The vast majority of culled-out farmers will re-stock their farms, although many with fewer animals, the first comprehensive survey of farmers post-FMD has found. Only 6% indicated they wanted to move out of farming.

Many are looking at diversification, entering 'green' schemes or turning organic, the survey found.

The telephone survey of more than 1000 farmers whose businesses were affected by the foot and mouth outbreak was conducted for DEFRA by ADAS.

Lord Whitty, Minister for Food and Farming said: "All of these farmers suffered terribly from foot and mouth and it is very encouraging that they are thinking positively about the future. It is particularly pleasing that many are seriously considering new diversified and environmental options for their farms so that re-stocking takes place in an environmentally sustainable context.

"The Curry Policy Commission has indicated that it sees this as the future and the government is in full agreement with this.

"We have a range of schemes to assist farmers and free business advice is available which I hope will be of help to those recovering from foot and mouth.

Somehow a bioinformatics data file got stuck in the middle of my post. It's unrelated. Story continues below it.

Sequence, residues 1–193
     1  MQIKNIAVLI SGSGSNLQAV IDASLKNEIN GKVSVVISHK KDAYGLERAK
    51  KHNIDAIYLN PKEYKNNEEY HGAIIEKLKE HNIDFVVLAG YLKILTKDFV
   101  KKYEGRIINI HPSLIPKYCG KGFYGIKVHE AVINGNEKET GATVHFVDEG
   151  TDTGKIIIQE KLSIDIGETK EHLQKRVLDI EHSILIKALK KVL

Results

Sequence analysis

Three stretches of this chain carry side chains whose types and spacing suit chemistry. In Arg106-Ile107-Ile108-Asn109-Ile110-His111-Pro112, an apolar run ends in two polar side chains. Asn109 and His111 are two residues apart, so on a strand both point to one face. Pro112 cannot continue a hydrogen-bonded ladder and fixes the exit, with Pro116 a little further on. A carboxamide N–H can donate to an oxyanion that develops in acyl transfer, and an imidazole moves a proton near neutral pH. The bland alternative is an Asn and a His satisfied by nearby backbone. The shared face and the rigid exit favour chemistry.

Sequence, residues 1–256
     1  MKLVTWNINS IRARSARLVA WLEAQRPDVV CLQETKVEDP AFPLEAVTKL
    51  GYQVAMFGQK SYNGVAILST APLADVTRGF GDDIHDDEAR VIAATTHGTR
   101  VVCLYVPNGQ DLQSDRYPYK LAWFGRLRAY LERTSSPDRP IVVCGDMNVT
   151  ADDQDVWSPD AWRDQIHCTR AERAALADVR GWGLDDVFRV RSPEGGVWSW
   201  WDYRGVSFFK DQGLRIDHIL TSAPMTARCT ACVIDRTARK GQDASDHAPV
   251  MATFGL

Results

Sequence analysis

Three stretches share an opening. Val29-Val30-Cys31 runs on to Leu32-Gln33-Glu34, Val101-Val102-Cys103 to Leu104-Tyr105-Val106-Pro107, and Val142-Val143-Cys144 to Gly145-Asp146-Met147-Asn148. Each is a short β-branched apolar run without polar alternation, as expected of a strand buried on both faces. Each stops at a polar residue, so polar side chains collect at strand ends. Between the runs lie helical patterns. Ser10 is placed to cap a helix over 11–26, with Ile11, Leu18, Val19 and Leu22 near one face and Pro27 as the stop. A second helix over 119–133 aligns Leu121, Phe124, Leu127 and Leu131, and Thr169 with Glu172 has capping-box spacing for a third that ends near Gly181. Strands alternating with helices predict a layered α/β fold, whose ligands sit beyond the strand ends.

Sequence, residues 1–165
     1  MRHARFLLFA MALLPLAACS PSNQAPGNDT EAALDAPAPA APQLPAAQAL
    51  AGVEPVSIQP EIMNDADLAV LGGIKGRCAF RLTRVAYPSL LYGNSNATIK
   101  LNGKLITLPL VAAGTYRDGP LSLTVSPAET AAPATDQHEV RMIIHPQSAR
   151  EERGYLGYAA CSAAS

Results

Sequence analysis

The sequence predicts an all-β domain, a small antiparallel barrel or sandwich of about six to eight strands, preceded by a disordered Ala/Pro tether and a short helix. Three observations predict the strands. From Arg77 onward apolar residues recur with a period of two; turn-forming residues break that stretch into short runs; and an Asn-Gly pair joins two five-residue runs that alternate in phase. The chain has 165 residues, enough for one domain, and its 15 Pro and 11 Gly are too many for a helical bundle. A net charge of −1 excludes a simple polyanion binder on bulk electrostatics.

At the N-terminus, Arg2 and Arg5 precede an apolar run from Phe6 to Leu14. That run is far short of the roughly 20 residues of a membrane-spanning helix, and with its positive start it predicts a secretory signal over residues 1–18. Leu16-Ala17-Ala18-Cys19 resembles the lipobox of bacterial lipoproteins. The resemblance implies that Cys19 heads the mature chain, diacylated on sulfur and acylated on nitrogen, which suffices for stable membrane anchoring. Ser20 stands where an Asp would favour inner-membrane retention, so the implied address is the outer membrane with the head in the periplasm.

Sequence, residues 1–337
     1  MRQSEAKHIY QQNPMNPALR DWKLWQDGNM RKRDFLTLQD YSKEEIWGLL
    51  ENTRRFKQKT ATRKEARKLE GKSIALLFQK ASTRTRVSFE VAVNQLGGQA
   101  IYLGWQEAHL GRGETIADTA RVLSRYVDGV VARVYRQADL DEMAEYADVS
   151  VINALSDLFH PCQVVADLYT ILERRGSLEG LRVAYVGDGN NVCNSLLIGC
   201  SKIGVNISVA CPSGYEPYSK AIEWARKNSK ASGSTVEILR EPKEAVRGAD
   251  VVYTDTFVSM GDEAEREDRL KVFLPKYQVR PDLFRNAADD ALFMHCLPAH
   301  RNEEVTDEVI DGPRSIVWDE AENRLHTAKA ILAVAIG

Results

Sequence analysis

"We are currently seeking views on implementation of the sheep national envelope, which provides additional funds that can be used to help sheep farmers adapt to changing circumstances."
The main findings are:

·78% of infected premises and 65% of premises classified as Dangerous Contacts intended to restock and continue farming as soon as possible;

·only 6% of those classified as a foot and mouth infected premise indicated that they would definitely be 'moving out of farming';

·25% of the holdings surveyed are 'definitely' or 'possibly' planning to diversify into non-traditional or non-farming activities;

·25% indicated that they would 'definitely' or 'possibly' move some of all of the land on their holding into environmental schemes;

·There is interest among a small percentage of farmers in running an organic enterprise. If all those indicating that they planned to run such an enterprise did so, this could see a doubling of the number of such farms;
·populations of sheep and pigs may reduce significantly in the short term, but significantly recover in the medium term.  The number of cattle may also reduce in the short term but to a lesser extent. The number of dairy enterprises will, the survey suggests, decrease but it is unclear whether production will also fall;
·10% of Infected Premises employed extra staff, but 24% reduced the number of people working on the holding. 62% of Infected Premises saw a reduction in staff or hours or both. This survey anticipates that the longer-term trend of a reduction in the numbers of those employed in agriculture will continue.